And if you can’t figure out whether you should take a break for the summer, experts agree it’s best to do some serious soul searching and have an honest, open conversation with your partner about your feelings before making any rash decisions. Dr. Brown also notes that it can be helpful to talk to a trusted friend or therapist to get an outsider’s opinion as well.

You have to ask yourself if the risk of losing a partner you want to spend your long-term future with,” explains Dr. Brown.

While there are obviously lots of good reasons not to take a break during the summer, Sullivan says it can be an ideal time to hit pause if it’s something you’ve been thinking about for a while.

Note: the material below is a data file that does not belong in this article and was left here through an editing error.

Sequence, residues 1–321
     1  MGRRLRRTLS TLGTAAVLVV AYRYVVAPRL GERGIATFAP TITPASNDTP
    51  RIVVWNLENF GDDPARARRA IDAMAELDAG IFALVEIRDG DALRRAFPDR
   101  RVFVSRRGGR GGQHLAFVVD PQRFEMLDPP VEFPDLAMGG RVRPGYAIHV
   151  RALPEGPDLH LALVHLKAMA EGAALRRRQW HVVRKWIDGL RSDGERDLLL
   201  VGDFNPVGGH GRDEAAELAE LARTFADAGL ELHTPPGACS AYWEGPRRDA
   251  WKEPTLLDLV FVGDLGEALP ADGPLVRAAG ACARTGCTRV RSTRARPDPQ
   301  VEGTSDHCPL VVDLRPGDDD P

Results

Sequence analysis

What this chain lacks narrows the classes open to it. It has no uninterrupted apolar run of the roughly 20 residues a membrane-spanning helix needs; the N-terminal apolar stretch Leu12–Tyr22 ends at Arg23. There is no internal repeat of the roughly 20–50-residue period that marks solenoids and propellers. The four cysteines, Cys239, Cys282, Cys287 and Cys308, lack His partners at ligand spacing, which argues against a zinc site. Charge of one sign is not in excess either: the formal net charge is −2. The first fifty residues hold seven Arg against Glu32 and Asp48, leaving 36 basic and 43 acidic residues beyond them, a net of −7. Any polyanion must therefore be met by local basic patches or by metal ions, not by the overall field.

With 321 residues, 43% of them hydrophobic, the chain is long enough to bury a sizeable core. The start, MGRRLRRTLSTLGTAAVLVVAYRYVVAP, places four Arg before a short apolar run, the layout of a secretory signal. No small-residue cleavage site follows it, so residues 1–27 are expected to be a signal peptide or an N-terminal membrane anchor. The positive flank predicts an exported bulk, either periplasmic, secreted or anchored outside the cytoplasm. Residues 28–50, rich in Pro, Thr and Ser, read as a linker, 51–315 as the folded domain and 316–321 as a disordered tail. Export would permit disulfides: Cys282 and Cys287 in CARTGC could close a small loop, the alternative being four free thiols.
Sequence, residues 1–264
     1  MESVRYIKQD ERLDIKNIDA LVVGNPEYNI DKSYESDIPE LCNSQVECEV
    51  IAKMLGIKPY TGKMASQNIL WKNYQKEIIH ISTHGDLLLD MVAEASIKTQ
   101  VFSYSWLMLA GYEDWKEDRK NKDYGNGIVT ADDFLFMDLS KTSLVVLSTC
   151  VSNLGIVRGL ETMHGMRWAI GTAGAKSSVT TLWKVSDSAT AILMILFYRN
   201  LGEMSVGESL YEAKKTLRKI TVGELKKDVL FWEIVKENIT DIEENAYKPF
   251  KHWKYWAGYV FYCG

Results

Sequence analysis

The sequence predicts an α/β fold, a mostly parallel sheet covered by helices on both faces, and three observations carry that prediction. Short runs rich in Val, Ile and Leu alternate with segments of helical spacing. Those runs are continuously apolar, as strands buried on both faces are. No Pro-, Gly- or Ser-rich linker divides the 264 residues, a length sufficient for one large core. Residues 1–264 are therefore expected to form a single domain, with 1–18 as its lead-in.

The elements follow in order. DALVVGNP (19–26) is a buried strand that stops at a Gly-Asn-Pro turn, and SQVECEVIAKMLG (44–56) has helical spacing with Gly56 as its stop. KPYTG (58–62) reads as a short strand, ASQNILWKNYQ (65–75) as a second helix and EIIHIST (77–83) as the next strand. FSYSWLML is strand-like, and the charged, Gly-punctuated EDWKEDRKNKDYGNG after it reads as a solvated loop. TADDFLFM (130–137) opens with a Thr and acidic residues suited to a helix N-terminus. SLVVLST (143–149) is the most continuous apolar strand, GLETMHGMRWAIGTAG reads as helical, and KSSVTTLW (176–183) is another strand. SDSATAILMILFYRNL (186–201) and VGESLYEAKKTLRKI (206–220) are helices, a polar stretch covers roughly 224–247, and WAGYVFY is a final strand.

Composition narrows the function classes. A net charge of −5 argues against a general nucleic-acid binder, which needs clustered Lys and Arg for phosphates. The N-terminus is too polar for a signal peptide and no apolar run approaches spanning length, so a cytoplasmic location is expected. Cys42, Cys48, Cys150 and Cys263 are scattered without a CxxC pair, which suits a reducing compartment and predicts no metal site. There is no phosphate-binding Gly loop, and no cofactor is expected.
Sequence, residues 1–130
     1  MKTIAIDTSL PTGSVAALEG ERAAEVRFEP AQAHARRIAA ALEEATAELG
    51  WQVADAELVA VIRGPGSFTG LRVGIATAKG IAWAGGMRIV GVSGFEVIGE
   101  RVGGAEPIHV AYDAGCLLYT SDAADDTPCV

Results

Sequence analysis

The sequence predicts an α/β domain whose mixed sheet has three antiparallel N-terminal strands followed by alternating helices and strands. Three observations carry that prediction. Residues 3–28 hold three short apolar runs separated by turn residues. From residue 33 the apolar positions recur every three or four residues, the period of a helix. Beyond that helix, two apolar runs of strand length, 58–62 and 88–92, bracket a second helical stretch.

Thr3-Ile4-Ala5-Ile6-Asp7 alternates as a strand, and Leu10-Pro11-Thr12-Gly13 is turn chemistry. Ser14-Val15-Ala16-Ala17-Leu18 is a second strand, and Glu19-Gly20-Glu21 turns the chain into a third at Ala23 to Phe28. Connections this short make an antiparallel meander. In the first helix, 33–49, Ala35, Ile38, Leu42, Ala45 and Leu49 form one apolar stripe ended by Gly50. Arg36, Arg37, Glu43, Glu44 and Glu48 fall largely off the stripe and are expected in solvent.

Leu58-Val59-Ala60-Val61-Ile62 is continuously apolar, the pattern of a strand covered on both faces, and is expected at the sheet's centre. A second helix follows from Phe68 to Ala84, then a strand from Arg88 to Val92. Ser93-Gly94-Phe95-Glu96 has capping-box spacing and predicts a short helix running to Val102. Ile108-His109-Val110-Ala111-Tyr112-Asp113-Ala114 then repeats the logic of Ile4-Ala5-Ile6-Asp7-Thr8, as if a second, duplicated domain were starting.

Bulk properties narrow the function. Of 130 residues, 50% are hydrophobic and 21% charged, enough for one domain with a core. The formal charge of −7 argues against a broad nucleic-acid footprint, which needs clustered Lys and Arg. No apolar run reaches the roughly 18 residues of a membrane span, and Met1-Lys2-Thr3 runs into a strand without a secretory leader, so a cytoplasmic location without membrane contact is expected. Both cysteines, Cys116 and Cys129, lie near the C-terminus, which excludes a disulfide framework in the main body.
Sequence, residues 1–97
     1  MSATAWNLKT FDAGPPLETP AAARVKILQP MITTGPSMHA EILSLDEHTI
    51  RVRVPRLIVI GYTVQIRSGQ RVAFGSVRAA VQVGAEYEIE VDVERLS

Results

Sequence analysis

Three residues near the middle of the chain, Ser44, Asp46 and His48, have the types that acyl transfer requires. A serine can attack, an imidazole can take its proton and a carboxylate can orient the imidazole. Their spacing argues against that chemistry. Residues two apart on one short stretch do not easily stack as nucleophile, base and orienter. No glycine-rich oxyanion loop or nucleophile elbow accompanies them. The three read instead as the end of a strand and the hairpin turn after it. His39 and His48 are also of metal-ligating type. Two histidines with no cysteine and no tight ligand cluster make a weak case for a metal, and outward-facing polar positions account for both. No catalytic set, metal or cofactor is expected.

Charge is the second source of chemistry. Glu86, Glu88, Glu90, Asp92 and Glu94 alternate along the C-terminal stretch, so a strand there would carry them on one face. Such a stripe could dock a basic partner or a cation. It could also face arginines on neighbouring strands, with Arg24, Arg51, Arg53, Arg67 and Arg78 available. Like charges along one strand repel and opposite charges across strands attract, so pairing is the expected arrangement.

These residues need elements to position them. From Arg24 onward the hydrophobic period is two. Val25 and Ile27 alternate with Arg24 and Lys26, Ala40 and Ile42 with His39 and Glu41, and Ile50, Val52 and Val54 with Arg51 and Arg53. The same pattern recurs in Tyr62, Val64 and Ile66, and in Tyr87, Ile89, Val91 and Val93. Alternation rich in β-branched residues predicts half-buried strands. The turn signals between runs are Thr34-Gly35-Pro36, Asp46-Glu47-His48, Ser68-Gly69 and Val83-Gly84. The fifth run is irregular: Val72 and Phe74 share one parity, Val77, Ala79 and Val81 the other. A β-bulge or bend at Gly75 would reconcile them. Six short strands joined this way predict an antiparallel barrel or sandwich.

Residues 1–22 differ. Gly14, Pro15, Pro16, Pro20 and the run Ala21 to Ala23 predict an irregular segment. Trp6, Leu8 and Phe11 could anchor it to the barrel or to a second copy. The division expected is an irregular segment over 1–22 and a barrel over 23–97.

“If you are your partner need some time apart to figure out what the future of your relationship looks like, summer is the perfect time to spend quality time with family and friends doing the things you love the most,” she adds. “The summer can give you a lot of time to self-reflect so that you and your partner can rekindle with fresh perspectives.”

There’s no cut and dry rule around whether taking a break is the right move — ultimately, it comes down to the nuances of your relationship, your and your partner’s needs, and what you hope the break will accomplish. But if you only want to take a step back because you’re bored, avoiding working through your problems, or putting off an inevitable breakup, then a break probably isn’t the answer. Besides, there are so many noteworthy perks to dating in the summer, and you wouldn’t want to miss out on those, would you?